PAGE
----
Lawton's Valley
REWHC's Involvement - An Introduction

Along the southern edge of the property, across the security fence, lies a rocky gorge with a brook running through it. Known since colonial time as Lawton's Valley, it is the site of waterworks, mills, and the subject of poetry by famous authors. Steep rocky cliffs angle sharply to the valley floor 50 to 100 feet below. Inaccessibility has allowed old growth trees to prosper with some subjects over three hundred years old. The foundations of old mills still exist and during low water, a remnant of a grinding stone of years past can be seen. Ownership of the Valley is divided between Raytheon, Bayview Apartments, Newport Water, and the US Government.

We will catalog the historical and natural features of the valley to support its protection. We will work with local organizations such as the Aquidneck Island Land Trust to map out a strategy for the Valley. We will speak with Owners for development of easements. We will provide leadership in discussions for appropriate development of the Valley to enable access and education. We will develop an interpretive, educational trail in line with community desires.

We have begun the survey of the historic and natural features of the valley. Many of the historic features found to date appear in these pages. We have made initial contact with the Aquidneck Island Land Trust.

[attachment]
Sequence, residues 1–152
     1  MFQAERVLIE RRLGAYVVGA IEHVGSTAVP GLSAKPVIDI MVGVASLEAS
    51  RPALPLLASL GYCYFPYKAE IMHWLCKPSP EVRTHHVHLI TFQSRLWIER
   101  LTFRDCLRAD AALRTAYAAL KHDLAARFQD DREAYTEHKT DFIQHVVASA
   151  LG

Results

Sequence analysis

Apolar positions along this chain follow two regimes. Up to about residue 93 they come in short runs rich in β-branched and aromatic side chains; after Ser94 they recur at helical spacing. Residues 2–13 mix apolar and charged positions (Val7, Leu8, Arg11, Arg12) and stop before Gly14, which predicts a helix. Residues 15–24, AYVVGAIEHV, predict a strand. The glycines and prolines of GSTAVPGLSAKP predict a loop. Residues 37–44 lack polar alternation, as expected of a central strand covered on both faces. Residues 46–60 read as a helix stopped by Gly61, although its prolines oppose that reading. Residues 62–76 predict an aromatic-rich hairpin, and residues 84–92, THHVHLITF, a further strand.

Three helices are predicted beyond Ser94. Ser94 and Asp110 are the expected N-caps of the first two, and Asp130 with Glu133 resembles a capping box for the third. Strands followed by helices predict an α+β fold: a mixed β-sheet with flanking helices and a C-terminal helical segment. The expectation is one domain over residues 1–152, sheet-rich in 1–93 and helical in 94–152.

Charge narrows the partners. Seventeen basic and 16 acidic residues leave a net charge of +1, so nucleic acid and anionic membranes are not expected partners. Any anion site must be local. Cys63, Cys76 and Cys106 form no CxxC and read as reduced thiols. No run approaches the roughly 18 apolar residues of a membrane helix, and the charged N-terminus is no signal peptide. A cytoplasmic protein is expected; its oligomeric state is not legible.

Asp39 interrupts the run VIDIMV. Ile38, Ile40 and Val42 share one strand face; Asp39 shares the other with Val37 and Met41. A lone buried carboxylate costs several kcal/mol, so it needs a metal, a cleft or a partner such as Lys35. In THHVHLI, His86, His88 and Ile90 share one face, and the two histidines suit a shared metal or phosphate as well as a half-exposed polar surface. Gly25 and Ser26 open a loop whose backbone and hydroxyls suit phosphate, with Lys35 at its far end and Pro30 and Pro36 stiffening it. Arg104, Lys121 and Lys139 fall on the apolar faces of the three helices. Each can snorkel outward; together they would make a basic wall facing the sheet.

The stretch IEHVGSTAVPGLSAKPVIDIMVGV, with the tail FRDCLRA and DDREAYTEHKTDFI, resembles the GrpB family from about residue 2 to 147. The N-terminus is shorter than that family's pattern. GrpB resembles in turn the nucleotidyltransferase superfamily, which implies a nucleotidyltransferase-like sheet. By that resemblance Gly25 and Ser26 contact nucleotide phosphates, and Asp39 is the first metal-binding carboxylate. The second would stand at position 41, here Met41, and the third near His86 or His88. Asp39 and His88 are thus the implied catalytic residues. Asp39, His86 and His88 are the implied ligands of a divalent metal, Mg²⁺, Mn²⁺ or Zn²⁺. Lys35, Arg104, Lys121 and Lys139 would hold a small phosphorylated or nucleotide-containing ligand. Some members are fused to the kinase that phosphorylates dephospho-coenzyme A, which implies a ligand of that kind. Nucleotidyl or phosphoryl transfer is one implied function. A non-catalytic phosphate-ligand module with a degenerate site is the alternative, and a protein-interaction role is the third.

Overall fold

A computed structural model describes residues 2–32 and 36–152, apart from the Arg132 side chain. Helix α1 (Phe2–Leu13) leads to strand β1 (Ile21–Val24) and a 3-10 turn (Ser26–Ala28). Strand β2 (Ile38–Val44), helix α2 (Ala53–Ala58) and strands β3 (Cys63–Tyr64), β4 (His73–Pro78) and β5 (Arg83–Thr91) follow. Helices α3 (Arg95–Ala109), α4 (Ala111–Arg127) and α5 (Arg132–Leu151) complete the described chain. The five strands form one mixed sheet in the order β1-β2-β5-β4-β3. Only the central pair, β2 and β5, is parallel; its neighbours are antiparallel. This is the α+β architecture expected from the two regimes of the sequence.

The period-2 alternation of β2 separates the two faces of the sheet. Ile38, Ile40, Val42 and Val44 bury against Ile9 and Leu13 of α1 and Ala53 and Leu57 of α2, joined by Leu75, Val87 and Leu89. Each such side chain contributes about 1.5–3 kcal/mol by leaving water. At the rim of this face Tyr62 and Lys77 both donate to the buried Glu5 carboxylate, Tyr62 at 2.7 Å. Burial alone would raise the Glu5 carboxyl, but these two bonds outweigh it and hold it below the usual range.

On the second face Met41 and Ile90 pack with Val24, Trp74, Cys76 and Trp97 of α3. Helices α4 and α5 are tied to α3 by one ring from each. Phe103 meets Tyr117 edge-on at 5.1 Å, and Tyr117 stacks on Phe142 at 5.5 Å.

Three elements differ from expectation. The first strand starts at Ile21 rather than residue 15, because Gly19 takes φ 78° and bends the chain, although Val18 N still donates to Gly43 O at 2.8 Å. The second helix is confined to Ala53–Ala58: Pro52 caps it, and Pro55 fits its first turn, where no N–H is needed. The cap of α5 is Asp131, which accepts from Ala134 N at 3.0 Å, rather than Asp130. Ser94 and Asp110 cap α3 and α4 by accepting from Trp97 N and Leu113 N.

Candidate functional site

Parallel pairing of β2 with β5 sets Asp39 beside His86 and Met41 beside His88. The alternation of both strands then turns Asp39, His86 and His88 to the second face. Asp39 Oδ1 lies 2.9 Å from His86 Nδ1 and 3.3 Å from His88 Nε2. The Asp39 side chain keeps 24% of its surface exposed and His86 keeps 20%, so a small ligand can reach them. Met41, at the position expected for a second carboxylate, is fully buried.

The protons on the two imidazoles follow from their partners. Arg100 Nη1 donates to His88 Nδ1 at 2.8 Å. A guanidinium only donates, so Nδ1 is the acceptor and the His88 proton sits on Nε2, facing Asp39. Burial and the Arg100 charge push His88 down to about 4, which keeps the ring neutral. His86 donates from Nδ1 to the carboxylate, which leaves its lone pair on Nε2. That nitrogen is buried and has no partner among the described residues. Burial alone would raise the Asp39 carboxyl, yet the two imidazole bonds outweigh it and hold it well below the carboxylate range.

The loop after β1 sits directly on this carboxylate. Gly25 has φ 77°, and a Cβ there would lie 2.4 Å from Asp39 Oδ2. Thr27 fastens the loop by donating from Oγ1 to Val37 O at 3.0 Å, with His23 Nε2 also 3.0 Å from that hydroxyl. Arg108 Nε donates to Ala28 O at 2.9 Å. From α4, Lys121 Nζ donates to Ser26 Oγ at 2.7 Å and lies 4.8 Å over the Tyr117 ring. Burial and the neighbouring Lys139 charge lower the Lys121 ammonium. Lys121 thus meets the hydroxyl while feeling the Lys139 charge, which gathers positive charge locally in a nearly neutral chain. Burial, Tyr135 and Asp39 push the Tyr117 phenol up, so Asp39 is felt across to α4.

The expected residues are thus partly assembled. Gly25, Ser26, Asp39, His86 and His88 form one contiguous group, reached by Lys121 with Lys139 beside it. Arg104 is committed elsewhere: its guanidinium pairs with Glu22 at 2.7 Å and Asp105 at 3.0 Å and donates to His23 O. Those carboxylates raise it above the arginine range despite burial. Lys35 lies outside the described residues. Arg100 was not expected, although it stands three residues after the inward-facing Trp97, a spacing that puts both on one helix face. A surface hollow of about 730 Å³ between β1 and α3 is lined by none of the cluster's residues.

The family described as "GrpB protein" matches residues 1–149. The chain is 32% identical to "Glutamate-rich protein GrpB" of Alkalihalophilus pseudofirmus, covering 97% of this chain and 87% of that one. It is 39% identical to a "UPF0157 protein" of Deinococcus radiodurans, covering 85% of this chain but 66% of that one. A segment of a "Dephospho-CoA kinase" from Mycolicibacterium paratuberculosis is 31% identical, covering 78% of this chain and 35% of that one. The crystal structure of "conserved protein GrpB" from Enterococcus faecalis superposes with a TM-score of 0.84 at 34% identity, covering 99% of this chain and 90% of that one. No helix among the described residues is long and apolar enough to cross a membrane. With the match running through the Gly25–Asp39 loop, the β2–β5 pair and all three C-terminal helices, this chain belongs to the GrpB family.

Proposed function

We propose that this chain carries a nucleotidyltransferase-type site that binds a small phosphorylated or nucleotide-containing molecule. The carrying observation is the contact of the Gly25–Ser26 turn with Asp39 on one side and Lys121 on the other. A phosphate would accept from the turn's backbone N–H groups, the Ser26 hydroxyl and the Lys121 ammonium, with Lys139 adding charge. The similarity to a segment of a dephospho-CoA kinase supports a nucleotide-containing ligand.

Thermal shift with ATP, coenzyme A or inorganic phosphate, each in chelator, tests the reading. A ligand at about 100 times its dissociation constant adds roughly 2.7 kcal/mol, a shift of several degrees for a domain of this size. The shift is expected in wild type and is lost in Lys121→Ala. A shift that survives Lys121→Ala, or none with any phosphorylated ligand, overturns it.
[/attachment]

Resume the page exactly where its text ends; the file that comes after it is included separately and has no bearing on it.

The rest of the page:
Lawton Valley Links
  Timeline to History
  Lawton Family Arms
  Lawton Valley Revisited
  Battle Hymn of the Republic
  Portsmouth Compact(s)
  Peterson's History o f RI
  Enchanted Forest
  Water Mills (NHS)

    Maud Howe Elliot:
    This Was My Newport

  Arriving Lawton's Valley
  Receiving Visitors
  A Children's Adventure

"A Glimpse of Lawton's Valley near Newport Rhode Island",
A Postcard:
ca. 1909, Robbins Bros. Co.

The Flag
by Julia Ward Howe

There's a flag hangs over my threshold
Whose folds are more dear to me
Than the blood that thrills in my bosom
Its earnest of liberty.

And dear are the stars it harbors
In its sunny field of blue,
As the hope of a further Heaven
That lights all our dim lives through.

Weave no more silks, ye Lyons looms,
To deck our girls for gay delights!
The crimson flower of battle blooms,
And solemn marches fill the night.

Weave but the flag whose bars to-day
Drooped heavy o'er our early dead,
And homely garments, coarse and gray,
For orphans that must earn their bread!

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